Some find inspiration in an Olympic moment, or the beauty of nature or by consulting a creative muse. Brian takes his inspiration from the people he loves and serves. His wife, Patti, for instance. A therapist who specializes in child trauma, Patti’s work turned very personal when her sister was dying of breast cancer. Moving across the country, Patti became the guardian of her 2-year-old nephew, Jack, in order to lovingly support her sister’s family after her death.
Patti must be good at what she does, because little Jack has been overheard to report, “She’s nice and takes good care of me.”
Brian honors his wife’s dedication to her nephew, and those of us who know him recognize that same loyalty showing up in his care of patients. Brian remembers a patient who was suffering from abdominal cancer and many other complications. Inspired by the man’s buoyancy of spirit, Brian acknowledged and affirmed this quality in the patient.
“I always try to speak what I am feeling to my patients because it’s important that they know I sympathize with them,” Brian explains.
To inspire means, “to breathe into.” It also means “to impart an idea or truth to some-one.” Even at the time of breathing one’s last breath, a patient of Brian’s may feel inspired.
Brian Jensen is an ICU nurse at St. Mark’s Hospital.
St. Mark’s Hospital Chaplain Saundra Shanti wanted to connect patients to their caregivers and employees to each other. That’s why she created the Healing Hands portrait series, featuring black and white photographs and stories of St. Mark’s employees at all levels.
“Our patients and families who go in and out know that this is a nurse, and this is a housekeeper, but they don’t know them as people,” Saundra said. “I wanted to humanize our healthcare community to one another and to our families and patients.”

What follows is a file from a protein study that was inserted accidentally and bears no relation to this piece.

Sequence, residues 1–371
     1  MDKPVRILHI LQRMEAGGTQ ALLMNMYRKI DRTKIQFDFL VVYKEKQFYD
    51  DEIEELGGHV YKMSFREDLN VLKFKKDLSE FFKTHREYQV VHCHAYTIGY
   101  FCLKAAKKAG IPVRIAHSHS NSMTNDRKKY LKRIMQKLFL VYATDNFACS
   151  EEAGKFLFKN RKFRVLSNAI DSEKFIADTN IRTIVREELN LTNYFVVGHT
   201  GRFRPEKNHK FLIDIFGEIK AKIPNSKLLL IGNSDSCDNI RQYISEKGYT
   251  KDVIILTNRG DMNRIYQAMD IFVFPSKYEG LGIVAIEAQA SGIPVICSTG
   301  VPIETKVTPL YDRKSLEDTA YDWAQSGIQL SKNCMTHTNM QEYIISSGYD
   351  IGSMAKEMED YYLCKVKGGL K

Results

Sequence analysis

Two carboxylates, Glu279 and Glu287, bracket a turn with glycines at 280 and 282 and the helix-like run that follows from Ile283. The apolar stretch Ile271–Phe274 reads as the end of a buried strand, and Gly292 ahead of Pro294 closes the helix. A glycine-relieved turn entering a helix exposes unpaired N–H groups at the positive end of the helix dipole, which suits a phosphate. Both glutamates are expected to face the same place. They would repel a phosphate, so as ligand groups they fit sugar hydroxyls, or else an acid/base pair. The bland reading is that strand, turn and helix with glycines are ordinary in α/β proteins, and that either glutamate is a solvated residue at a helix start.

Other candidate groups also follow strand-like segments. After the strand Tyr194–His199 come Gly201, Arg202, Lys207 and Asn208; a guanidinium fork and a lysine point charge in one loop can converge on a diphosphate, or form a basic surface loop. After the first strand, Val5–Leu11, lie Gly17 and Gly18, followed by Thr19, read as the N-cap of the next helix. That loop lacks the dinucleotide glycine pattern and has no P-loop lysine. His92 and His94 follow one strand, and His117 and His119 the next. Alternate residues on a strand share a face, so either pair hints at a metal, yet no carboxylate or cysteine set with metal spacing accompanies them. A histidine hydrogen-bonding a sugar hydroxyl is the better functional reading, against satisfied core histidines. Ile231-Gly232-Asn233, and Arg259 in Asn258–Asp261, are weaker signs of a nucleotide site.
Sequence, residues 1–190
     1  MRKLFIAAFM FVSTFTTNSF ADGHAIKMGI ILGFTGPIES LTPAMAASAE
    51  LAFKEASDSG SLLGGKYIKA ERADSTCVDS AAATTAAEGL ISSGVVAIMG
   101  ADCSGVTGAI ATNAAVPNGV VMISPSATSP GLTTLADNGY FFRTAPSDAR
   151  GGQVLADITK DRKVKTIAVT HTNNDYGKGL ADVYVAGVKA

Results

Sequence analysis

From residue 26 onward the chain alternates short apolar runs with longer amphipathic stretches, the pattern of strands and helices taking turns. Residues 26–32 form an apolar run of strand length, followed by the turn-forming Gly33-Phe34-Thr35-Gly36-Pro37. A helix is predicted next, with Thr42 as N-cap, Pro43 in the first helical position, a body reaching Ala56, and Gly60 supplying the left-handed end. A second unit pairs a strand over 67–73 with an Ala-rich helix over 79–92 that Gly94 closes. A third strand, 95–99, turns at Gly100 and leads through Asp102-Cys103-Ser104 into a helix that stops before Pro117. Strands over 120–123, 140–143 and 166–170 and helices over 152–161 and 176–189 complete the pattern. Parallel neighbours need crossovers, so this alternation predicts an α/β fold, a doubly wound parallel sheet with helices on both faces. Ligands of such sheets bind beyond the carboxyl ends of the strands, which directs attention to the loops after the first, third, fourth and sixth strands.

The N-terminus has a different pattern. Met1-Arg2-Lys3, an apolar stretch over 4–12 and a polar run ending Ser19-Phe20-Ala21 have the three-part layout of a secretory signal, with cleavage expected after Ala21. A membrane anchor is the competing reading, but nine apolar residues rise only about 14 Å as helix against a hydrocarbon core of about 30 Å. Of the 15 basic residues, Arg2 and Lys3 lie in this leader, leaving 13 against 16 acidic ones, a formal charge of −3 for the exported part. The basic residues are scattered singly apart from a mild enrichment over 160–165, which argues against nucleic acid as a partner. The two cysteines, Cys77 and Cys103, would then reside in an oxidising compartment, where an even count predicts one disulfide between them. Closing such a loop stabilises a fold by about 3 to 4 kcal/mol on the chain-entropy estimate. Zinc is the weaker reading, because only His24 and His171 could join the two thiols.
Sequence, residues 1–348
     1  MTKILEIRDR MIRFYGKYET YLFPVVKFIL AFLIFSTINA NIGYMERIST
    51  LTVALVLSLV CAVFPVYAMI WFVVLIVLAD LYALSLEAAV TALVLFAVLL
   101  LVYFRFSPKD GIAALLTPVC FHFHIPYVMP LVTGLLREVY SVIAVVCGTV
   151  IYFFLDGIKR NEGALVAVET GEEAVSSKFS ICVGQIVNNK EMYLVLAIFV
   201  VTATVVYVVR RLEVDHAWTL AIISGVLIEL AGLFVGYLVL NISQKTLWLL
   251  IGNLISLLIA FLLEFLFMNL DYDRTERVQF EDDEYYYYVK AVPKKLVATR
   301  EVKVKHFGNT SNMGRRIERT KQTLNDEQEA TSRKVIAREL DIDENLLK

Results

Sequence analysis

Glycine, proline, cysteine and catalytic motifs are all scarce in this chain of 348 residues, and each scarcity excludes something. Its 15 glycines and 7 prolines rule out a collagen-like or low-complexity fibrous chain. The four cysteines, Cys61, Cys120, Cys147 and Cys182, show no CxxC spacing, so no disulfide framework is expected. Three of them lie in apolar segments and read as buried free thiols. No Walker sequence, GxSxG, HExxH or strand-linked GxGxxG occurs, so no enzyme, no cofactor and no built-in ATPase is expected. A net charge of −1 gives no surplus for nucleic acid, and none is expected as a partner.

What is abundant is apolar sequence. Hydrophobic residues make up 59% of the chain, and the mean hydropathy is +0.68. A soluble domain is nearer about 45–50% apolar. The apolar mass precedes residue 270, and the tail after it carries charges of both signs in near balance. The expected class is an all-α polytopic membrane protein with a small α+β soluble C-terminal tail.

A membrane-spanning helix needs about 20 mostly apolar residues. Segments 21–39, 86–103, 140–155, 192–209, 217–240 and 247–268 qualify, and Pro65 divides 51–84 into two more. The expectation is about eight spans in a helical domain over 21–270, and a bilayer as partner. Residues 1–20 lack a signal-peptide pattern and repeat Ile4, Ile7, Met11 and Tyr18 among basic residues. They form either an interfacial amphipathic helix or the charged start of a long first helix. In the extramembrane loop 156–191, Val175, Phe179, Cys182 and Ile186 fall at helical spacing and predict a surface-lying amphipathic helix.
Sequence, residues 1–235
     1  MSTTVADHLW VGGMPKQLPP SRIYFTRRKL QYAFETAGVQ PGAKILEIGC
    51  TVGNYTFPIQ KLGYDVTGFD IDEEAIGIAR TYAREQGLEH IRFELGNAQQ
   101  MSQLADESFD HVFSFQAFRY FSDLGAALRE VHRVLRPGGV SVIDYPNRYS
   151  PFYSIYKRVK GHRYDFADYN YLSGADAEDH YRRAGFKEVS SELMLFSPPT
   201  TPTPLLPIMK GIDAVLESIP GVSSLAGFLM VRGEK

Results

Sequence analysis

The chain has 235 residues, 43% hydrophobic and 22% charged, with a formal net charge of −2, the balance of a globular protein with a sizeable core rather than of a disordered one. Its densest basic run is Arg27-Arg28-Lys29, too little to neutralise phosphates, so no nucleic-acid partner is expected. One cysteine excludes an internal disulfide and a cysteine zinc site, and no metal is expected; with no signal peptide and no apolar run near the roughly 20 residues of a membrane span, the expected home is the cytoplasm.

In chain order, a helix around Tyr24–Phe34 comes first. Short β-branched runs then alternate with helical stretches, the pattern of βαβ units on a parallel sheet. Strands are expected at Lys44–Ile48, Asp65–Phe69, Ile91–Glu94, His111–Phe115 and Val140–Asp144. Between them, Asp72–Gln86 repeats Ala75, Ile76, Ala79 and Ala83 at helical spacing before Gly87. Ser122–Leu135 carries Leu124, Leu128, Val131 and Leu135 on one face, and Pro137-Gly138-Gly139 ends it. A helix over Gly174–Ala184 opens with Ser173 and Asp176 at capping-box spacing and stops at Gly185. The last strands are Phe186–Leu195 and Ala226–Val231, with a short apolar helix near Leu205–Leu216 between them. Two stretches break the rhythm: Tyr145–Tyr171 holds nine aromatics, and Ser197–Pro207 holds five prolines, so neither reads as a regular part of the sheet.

Each photo is accompanied by a story; some biographical, others are anecdotes of experiences that led employees to become caregivers and healthcare professionals. Twelve portraits are currently displayed throughout the hospital, but a total of 36 photos will be rotated throughout the exhibit for the next two months.
By highlighting personal, inspiring and real stories about the staff who will be caring for patients during what can often be an emotional time, the exhibit builds a sense of community. Patients and families will be able to view caregivers as real people with real stories whom they can relate to and connect with, making the hospital experience more personal.
“When we humanize each other, we care more for one another,” Saundra said. “I wanted our employees to be recognized as valuable human beings apart from their professional titles. I wanted to cultivate interaction and respect across our departments and services.”